Testing the Ethics of AI | TechWell

Testing the Ethics of AI

Android with artificial intelligence

Artifical intelligence is becoming more and more widespread in the software world. The potential is mind-boggling: AI is now where digitization was a decade ago, touching and impacting every domain. The technology that started in niche areas, chiefly entertainment, has extended by leaps and bounds.

But before you think this is an ideal scenario with endless possibilities for reach and benefit, consider that AI is a double-edged sword. When AI is being used in situations involving sensitive personal data, such as health care, banking and finance, and real estate, security is of the utmost importance—and so are ethical implications.

How can testers play a role in mitigating risks?

Testers understand that automation is only as smart as we design it to be. This also holds true for AI and similar practices such as machine learning, image recognition, and natural language processing. Plenty of sci-fi films have examples showcasing what can go wrong when undue powers are given to robots, and AI is often seen as a core piece in humanizing technology. It’s up to testers to make sure AI is used responsibly—especially considering we’re already at a point where people are discussing whether AI will become powerful enough to be worshipped.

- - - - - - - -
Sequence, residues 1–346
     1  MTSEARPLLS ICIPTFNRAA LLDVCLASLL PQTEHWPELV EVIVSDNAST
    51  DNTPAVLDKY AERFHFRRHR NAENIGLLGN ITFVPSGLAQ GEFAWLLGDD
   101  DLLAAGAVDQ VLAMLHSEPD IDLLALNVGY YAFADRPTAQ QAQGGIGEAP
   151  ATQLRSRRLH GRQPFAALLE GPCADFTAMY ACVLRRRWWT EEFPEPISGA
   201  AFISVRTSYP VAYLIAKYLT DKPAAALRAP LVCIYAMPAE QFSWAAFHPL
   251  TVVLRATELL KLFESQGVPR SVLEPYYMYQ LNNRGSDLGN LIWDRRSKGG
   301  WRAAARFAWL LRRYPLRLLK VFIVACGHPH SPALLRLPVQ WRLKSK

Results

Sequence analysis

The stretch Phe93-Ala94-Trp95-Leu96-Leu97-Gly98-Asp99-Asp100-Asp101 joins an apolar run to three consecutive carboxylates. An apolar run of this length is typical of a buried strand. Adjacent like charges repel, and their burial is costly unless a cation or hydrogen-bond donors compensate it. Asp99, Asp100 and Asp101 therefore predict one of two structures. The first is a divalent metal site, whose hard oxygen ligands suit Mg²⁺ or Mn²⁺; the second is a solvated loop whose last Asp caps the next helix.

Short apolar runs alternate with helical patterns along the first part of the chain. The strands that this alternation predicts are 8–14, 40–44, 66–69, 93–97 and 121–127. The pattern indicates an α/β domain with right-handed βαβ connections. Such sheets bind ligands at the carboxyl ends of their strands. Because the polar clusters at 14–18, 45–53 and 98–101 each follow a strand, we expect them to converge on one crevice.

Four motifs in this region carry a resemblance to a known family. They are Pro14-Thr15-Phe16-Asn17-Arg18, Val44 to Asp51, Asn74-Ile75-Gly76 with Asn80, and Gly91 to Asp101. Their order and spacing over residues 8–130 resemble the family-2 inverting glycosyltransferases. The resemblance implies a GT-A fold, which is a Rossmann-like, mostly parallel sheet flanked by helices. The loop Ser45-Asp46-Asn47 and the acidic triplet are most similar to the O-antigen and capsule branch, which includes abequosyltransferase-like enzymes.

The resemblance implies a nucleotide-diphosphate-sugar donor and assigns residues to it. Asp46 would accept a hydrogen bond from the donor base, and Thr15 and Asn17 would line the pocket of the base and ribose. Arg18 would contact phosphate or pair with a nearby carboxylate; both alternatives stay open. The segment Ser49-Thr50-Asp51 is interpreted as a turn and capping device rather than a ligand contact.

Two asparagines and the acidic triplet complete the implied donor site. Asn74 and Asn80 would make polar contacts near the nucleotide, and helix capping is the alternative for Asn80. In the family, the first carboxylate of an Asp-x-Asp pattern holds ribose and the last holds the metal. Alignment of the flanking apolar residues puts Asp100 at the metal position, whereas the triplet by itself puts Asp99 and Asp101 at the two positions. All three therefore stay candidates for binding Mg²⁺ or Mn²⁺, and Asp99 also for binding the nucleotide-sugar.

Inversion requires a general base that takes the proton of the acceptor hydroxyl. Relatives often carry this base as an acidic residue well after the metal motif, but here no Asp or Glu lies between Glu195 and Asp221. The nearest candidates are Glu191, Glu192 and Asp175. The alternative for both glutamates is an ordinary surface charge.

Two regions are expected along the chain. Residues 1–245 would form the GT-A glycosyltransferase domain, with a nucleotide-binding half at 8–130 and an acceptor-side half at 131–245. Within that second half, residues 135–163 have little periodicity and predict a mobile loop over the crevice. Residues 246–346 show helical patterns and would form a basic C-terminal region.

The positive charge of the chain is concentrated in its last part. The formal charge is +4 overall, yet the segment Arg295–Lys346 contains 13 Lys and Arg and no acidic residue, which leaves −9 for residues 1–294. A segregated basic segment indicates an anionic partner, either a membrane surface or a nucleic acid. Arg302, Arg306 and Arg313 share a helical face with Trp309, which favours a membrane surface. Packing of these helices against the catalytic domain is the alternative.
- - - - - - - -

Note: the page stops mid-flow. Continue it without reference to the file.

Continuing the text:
Such close monitoring is necessary not just because of the potential AI holds, but also to keep adverse effects under check. Just as ethical hacking has gained popularity, ethical AI solutions are on the rise. At a simplistic level, these solutions mainly focus on ensuring AI as a technology does not support immoral causes from societal, environmental, or political influences, and on limiting the power given to the AI algorithms we engineer.

Testers have a critical role here in vetting solutions, even from the ideation stages. Areas that have traditionally been reserved for human intervention due to high cognitive involvement, such as accessibility engineering, are now open to the technology touch.  A lot of learning—and unlearning—is needed for testers to be able to bring new perspectives about how solutions will impact stakeholders and users.

Primarily, a lot of investment in quality data feeds that cover positive, negative, null, and boundary values will make all the difference in the test effort and outcomes. Testers will need to employ live monitoring, connect current solutions and new players, and consider what implications third-party integrations with an app will have. Ethical negative tests may also need to be taken up in the right doses to maintain checks and balances on the adverse potential of AI systems.

Interestingly, we can also consider leveraging AI itself. Testers should automate tests as much as possible, making them smart and lean and enabling automation in areas that haven’t been possible until now, leaving more time for strategic manual tests.

As AI continues to be used in more and more cases, everyone in the software industry has a collective responsibility to build responsible and ethical AI systems. Testers have a huge role in this process, so start thinking about the implications.

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December 19, 2018

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